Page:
• The Founding of New Acadia

  • The Beginnings of Acadian Life in Louisiana, 1765-1803
  • By: Carl A. Brasseaux
  • Narrated by: Aaron Henkin
  • Length: 7 hrs and 11 mins
  • Unabridged Audiobook
  • Release date: 07-16-12
  • Language: English
  • Publisher: University Press Audiobooks
  • 4 out of 5 stars 3.9 (27 ratings)

Regular price: $17.99

Membership details Membership details
  • A 30-day trial plus your first audiobook, free.
  • 1 credit/month after trial – good for any book, any price.
  • Easy exchanges – swap any book you don’t love.
  • Keep your audiobooks, even if you cancel.
  • After your trial, Audible is just $14.95/month.
Select or Add a new payment method

Buy Now with 1 Credit

By confirming your purchase, you agree to Audible's Conditions of Use and Amazon's Privacy Notice. Taxes where applicable.

Buy Now for $17.99

Pay using card ending in
By confirming your purchase, you agree to Audible's Conditions of Use and Amazon's Privacy Notice. Taxes where applicable.

Add to Library for $0.00

By confirming your purchase, you agree to Audible's Conditions of Use and Amazon's Privacy Notice. Taxes where applicable.

Publisher's Summary

In this penetrating study, Carl Brasseaux looks beyond long-standing mythology to provide a critical account of early Acadian culture in Louisiana and the reasons for its survival. He convincingly dispels many received notions about the routes Acadians traveled from Nova Scotia to Louisiana, their original settlement sites, and the patterns of their subsequent migrations within the state, and closely examines the relations of Louisiana's Acadians with their black, Spanish, Indian, and Creole neighbors. As Brasseaux reveals, Acadians' cohesiveness and insularity preserved the core elements of their culture and helped them adjust to new physical and social demands.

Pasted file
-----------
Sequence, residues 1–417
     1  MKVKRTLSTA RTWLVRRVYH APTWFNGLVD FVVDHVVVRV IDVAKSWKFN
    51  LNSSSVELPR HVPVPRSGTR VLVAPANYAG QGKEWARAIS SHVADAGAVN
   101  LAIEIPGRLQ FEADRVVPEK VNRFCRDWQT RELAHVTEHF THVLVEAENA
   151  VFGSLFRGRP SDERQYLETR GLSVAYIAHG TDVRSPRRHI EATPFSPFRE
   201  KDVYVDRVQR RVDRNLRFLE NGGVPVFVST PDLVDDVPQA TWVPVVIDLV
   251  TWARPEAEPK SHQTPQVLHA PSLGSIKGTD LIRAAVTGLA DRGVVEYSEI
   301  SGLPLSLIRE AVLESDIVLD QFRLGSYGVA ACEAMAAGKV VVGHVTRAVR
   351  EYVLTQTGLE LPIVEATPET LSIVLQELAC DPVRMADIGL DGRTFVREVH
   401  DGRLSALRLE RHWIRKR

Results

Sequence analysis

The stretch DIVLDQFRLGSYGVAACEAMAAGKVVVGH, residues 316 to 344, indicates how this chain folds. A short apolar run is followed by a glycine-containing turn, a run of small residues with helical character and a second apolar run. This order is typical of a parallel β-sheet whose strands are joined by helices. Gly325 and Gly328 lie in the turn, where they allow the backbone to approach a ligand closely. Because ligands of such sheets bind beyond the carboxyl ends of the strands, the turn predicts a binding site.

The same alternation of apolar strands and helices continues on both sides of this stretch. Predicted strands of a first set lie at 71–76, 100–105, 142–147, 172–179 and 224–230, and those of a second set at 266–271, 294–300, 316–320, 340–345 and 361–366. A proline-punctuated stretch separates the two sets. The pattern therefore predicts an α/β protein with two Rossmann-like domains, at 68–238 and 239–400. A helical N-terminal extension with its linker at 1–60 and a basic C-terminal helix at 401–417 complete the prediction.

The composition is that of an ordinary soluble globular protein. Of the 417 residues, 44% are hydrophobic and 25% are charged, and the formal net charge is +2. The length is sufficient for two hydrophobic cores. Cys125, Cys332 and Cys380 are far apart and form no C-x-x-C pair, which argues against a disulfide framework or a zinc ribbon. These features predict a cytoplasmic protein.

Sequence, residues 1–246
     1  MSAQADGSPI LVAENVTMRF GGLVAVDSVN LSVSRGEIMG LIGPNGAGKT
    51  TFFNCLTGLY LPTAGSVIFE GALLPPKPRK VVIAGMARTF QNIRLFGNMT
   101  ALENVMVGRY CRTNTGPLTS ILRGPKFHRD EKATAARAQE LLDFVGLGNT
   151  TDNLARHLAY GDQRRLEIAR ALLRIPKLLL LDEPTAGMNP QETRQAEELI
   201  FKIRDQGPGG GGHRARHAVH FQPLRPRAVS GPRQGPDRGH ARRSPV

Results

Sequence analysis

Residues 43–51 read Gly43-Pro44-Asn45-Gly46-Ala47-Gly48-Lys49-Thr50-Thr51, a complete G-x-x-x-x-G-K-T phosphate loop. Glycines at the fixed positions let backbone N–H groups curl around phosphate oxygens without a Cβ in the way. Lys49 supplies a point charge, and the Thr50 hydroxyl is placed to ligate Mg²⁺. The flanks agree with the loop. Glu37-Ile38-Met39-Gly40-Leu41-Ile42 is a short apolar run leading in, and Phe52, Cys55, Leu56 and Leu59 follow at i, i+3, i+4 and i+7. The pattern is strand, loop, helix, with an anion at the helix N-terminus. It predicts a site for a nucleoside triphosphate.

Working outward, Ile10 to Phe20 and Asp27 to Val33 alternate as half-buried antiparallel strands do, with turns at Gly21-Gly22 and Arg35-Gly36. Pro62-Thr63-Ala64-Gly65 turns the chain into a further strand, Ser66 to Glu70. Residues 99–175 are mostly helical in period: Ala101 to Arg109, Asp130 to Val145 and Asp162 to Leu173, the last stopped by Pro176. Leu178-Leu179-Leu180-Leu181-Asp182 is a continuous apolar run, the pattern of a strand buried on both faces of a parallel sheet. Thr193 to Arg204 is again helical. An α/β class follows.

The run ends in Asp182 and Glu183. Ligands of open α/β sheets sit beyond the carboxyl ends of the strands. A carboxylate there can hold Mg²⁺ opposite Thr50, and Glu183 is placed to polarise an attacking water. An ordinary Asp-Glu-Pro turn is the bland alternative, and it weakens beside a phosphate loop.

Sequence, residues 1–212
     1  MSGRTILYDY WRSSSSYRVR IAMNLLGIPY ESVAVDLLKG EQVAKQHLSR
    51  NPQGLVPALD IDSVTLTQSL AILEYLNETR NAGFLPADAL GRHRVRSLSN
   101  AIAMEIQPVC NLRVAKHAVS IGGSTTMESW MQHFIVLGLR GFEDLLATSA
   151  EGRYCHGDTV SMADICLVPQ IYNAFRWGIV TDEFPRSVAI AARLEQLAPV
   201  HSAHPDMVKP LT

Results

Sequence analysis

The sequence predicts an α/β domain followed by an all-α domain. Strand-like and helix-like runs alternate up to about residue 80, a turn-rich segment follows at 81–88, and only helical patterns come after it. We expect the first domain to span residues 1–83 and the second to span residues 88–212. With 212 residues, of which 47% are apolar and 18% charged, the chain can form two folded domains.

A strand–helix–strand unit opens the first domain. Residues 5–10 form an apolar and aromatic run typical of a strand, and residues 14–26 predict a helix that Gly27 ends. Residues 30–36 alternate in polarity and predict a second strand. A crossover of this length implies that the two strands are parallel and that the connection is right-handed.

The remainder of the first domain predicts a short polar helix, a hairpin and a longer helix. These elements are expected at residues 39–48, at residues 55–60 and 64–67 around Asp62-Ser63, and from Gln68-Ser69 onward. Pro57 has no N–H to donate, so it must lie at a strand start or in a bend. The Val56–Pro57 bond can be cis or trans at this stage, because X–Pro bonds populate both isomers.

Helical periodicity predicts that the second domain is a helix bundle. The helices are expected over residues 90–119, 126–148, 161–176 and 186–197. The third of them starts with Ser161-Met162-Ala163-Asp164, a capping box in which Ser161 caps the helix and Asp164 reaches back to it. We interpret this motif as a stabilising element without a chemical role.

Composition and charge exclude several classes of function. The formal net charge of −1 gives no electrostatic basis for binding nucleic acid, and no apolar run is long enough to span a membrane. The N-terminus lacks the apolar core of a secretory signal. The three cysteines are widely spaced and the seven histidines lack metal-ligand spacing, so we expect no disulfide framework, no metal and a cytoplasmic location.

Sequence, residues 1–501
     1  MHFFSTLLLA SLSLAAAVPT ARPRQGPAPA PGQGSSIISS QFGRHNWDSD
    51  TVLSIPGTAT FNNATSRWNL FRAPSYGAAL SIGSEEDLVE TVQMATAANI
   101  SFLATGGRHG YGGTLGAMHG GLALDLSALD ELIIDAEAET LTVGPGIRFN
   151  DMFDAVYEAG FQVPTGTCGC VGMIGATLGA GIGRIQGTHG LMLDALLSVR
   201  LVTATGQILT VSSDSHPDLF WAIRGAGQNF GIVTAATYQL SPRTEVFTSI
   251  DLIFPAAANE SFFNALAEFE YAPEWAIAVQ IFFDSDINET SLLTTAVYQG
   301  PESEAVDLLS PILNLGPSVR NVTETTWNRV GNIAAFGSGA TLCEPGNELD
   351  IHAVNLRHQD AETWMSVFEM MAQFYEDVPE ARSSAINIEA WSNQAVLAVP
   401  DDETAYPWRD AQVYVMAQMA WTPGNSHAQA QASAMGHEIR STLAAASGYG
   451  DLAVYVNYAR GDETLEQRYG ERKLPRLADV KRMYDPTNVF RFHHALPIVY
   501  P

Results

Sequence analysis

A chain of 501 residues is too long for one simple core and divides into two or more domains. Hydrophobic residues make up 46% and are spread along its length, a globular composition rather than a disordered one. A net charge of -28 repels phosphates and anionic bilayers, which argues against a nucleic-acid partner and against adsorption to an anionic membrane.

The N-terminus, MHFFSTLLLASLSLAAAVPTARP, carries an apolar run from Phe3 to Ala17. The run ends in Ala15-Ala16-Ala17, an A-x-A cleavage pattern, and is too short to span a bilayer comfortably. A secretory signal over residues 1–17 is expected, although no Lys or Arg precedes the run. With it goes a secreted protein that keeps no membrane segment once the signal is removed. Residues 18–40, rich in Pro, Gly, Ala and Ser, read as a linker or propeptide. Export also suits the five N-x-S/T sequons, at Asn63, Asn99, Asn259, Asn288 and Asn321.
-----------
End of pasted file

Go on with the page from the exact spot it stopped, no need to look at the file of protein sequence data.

©1987 Louisiana State University Press (P)2012 Redwood Audiobooks
Show More Show Less

Critic Reviews

"A contribution of the highest order. It will undoubtedly remain the defiitive study of the Acadians for many years to come." ( Journal of American Studies)
Show More Show Less

Customer Reviews

Most Helpful
3 out of 5 stars
By C. Peters on 04-21-18

Narrator does not fit the book.

Would you recommend this book to a friend? Why or why not?

I was very disappointed that the narrator was not from Louisiana. To hear it read with the accent only a native of South or Southwest Louisiana could give to this story would have made it sound authentic. The person narrating it as very little expression... almost monotone.

How did the narrator detract from the book?

He is not a native from South or Southwest Louisiana. His northern accent and almost matter-of-fact details read with almost a monotone made it very dry reading, whereas a native of South or Southwest Louisiana would have given it a more interesting and believable. Whoever made the decision to use this narrator was badly informed.

Read More Hide me
1 out of 5 stars
By C.Joy S. on 07-18-17

Boring

This is not what I was hoping for. I could not stay with the book due to the authors pension for dates times places (by the old names), planting of crops and what grew where all of which really of no interest to me. I could not make myself finish the book.

Read More Hide me
See all Reviews